COVID-19 resources

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Mencap Coronavirus (COVID-19) information and resources


Mencap have created a hub of resources for people with a learning disability and families and also for support workers and healthcare professionals working with this group. The hub includes helpful advice and information and covers topics such as: going to hospital, keeping busy and activity ideas, changes to the Care Act, information from other organisations, information for support workers and healthcare professionals.

Last updated on hub: 08 June 2020

Mencap in Kirklees: provider responsiveness

Mencap in Kirklees

Practice example about how Mencap in Kirklees has responded during the COVID-19 pandemic to continue to provide day care services, domiciliary care and residential care for adults with learning disabilities. Also covers some of the challenges and learning points.

Last updated on hub: 16 July 2020

Mental capacity during COVID-19: advice for social care

Social Care Institute for Excellence

Coronavirus (COVID-19) quick guides and webinars about the Mental Capacity Act (MCA).

Last updated on hub: 22 July 2020

Mental Health Action Plan

Northern Ireland. Department of Health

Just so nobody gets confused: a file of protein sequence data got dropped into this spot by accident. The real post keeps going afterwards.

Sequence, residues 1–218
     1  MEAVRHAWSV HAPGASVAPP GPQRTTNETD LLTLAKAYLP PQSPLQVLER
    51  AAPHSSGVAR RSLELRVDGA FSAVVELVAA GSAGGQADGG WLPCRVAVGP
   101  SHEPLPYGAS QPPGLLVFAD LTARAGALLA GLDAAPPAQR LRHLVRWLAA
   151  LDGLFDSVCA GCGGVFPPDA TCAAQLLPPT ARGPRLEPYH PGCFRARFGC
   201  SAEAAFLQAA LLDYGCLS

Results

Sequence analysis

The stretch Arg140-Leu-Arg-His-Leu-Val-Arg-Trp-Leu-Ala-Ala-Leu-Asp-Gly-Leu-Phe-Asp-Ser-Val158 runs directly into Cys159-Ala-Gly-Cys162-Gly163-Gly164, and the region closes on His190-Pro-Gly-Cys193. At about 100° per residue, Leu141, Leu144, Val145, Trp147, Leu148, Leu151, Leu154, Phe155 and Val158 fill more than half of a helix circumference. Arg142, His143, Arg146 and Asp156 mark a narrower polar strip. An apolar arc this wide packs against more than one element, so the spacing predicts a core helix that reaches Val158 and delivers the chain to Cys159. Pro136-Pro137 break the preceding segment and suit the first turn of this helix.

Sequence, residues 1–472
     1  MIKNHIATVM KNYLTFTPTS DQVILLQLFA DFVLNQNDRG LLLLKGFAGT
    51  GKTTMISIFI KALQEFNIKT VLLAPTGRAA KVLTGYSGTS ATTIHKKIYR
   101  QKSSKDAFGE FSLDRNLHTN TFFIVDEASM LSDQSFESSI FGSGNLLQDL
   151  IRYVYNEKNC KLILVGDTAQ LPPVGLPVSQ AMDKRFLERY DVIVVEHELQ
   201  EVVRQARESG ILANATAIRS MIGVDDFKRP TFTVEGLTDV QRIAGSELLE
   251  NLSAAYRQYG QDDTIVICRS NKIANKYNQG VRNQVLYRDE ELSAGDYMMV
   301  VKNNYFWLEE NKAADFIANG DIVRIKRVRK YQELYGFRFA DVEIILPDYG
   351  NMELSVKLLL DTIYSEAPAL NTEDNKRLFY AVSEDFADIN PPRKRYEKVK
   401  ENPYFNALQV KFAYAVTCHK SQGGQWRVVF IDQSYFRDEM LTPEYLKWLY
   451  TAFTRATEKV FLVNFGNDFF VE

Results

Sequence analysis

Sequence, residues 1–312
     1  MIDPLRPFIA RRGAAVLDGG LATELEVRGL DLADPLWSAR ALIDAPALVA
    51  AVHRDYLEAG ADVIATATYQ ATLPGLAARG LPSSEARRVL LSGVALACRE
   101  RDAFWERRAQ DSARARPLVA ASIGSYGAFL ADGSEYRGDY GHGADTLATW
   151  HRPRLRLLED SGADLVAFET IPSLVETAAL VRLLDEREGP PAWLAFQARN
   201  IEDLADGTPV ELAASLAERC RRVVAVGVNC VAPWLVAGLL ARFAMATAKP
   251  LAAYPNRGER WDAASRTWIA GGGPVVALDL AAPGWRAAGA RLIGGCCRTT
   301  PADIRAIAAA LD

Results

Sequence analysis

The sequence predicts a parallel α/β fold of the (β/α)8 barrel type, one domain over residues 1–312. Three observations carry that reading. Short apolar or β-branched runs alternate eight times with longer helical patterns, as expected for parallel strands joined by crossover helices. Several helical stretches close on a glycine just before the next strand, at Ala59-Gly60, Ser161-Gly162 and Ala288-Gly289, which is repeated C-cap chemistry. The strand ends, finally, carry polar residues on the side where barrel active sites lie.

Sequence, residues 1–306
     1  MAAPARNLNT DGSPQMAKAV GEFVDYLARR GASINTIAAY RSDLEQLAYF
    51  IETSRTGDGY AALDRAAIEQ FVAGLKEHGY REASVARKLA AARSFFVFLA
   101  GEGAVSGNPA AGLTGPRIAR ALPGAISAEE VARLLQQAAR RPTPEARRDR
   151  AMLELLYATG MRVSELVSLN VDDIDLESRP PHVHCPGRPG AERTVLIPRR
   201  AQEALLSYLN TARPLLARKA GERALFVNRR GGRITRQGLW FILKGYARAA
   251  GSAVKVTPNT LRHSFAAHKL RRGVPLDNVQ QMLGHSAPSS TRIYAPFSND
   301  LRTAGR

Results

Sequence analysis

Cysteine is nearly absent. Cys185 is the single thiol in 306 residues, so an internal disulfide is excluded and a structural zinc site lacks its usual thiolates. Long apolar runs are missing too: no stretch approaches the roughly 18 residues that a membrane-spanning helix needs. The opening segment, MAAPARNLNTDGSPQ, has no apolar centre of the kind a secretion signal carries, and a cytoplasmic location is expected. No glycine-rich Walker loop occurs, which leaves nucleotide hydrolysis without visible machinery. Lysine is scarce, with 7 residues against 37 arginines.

This Mental Health Action Plan aims to improve people’s experience of mental health services in Northern Ireland and ensure the health and social care system work better to be able to improve people’s experience. The actions in this plan fall into three broad categories: immediate service developments, longer term strategic objectives and preparatory work for future strategic decisions. The first category aims to provide fixes to immediate problems and immediate service developments where there has been an identified immediate need. This includes, for example, consideration of alternative methods of working for the mental health workforce to respond to the immediate, and significant, workforce pressures. The longer-term strategic objectives aim to fulfil future strategic needs and includes, for example, a workforce review to consider how the mental health workforce should be structured. The third category relates to preparatory work for future strategic directions. This includes, for example, development of an action plan for the use of technology and creating better governance structures. The document also contains a COVID-19 Mental Health Response Plan as an annex, which outlines key areas of intervention during the pandemic to help and support the population as a whole.